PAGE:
Lauren Wissot’s 2016 Florida Film Festival Wrap-Up
(The 25th Florida Film Festival kicked off April 8 and wrapped on the 17th. Our Lauren Wissot was on the scene and provides this excellent recap.)
The Florida Film Festival (April 8-17), now a quarter-century old, technically takes place in Maitland, a mere 15-minute drive from Orlando, where attendees were housed at the DoubleTree overlooking the lovely Lake Ivanhoe downtown. Orlando itself is a city one might associate more with Mickey Mouse than with Terence Malick. However, one would be wrong. The town boasts an abundance of lakes (surrounded by rapidly gentrifying historic neighborhoods), not rides (it’s around a half-hour drive to those theme parks). And this year’s FFF hosted a Badlands retro screening with none other than Sissy Spacek in attendance to chat about both “Terry” and her astonishing career. (Who else worked with mavericks like Malick, De Palma, Andy Warhol, Robert Altman – all before turning 30 and winning an Oscar?) Cinephile culture, it seems, is alive and well in “The City Beautiful,” and its surrounding towns.
FFF – an Oscar-qualifying fest for both Live Action Short and Animated Short – is run by the friendly folks at the Enzian, an utterly charming, one-screen art-house cinema attached to the Eden Bar (for alfresco dining and drinks) that serves as the festival’s main venue. Though I was only able to take in a portion of the whopping 170 films and events, several standout flicks and a one-of-a-kind opportunity – a sit-down interview with the radiant and unsurprisingly gracious Spacek – made my time at the fest memorable.
Too often critics covering festivals focus on buzzy, feature-length works at the expense of many superior shorts – and I’m certainly no exception. I really hadn’t planned on writing about FFF’s Best Documentary Short winner, yet any film I’ll gladly sit through twice is worth championing. I first saw Amy Nicholson’s Pickle at the Full Frame Documentary Film Festival – where it was smartly paired with Penny Lane’s Nuts! and went on to win the Audience Award in the shorts category – and watched it again in Florida. The 16-minute crowd-pleaser is practically a love letter to Errol Morris in both style and quirky subject matter, as it follows the twisting-and-turning (and true tall) tale of Tom and Debbie Nicholson, an endearing, creature-loving couple whose numerous odd pets died many strange deaths. With delightful animation – used to illustrate the series of whimsical tragedies – bringing to mind Edward Gorey, Pickle treats us to off-the-cuff recollections from Tom such as, “So I built a condominium for Peanut” (a dying cat who ended up living for 13 years). As well as, “I made him a little skateboard” (for the paraplegic possum), and “Debbie found this deformed fish” (which was Pickle – who, sadly, eventually died from electrocution). With truth like that, who needs fiction? (**Note from Florida Film Festival’s head programmer: I did want to just mention that we have the Oscar accreditation in all 3 categories this year (including Doc Short) so Pickle qualified for Oscar consideration with its Grand Jury Award. This is a huge deal for us, since the accreditation went into effect immediately upon our approval last December. A big perk for filmmakers that entered this year and didn’t know the accreditation was coming!!!“)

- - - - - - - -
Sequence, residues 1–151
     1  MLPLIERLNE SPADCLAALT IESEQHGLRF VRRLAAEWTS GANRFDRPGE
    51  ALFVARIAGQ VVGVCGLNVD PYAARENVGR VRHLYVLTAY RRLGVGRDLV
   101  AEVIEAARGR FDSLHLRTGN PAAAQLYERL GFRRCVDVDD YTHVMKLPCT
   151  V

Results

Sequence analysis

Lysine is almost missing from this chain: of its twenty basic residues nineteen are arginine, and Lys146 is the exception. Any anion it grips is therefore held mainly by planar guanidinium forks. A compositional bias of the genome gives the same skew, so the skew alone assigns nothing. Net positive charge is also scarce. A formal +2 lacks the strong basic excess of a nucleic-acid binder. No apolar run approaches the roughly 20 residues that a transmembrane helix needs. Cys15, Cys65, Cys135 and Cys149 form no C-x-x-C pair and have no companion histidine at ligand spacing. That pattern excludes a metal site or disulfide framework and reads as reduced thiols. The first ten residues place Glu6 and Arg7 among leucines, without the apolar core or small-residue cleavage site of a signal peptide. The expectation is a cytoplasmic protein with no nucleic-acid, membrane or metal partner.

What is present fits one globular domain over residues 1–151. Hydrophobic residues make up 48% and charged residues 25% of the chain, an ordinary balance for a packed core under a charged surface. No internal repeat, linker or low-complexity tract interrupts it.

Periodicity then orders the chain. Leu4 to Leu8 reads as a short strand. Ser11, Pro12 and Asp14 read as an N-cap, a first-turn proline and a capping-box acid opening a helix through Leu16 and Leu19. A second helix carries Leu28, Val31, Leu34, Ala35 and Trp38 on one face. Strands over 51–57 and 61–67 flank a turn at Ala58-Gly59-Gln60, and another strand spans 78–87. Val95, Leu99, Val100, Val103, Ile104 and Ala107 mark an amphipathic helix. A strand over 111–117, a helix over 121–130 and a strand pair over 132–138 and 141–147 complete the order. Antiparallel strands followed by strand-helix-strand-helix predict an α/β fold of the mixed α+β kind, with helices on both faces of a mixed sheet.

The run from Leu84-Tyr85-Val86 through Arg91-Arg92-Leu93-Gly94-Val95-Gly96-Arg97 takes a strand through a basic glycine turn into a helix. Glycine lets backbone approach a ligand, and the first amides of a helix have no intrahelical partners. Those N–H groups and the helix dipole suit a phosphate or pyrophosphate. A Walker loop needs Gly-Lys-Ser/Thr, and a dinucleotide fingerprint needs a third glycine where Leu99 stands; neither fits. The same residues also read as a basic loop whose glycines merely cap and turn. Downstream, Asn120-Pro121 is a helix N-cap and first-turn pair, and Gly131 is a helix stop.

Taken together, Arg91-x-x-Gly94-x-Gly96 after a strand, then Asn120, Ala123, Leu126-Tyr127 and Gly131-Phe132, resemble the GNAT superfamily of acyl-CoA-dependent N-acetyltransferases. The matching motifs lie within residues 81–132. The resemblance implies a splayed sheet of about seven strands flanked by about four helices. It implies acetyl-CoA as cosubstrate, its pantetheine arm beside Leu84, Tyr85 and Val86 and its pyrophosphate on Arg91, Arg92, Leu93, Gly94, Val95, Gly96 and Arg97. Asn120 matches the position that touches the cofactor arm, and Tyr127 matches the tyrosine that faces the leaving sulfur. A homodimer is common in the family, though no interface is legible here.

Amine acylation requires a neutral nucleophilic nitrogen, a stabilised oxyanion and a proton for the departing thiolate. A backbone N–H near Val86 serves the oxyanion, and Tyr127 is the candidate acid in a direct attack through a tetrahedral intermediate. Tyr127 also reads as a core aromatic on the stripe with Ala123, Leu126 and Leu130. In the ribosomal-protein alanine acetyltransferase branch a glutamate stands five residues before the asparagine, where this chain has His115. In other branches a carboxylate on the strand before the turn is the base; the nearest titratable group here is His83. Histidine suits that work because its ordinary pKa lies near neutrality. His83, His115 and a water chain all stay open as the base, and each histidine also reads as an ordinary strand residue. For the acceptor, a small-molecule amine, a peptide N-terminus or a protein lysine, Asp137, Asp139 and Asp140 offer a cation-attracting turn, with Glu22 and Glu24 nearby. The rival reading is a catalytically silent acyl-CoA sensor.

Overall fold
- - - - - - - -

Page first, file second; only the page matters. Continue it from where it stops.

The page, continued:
And though I tried to avoid those already-hyped films, I couldn’t help but succumb to the charms of one particular SXSW darling. Magnolia recently picked up Presenting Princess Shaw, and it’s not hard to see why. Israeli director Ido Haar’s doc starts out on a pretentious note – with Israeli musician, aka Kutiman, showing his YouTube video mash up project at (well, rather “on”) the Guggenheim to a packed hipster crowd – but soon transforms into something much deeper. Kutiman, we learn, has discovered a woman in New Orleans named Samantha Montgomery, aka Princess Shaw, an eldercare worker by day and YouTube singer by night, whose acapella tunes become the basis of the artist’s work. Without her even knowing it, this African-American woman with a hard-knock life becomes a protagonist in a long-distance, musical love story – the unsuspecting focus of a secret fan on another continent. The doc feels a bit like Once in its sincere sweetness.
It’s also interesting in concept. Haar alternates smoothly between filming the optimistic Princess and her daily struggles, and Kutiman’s process – as he watches YouTube clips and practices with his orchestra in Israel, remaining nearly silent himself – creating songs for an unheralded singer. Princess’s often-chaotic world is artistically juxtaposed with Kutiman’s life of solitude and calm.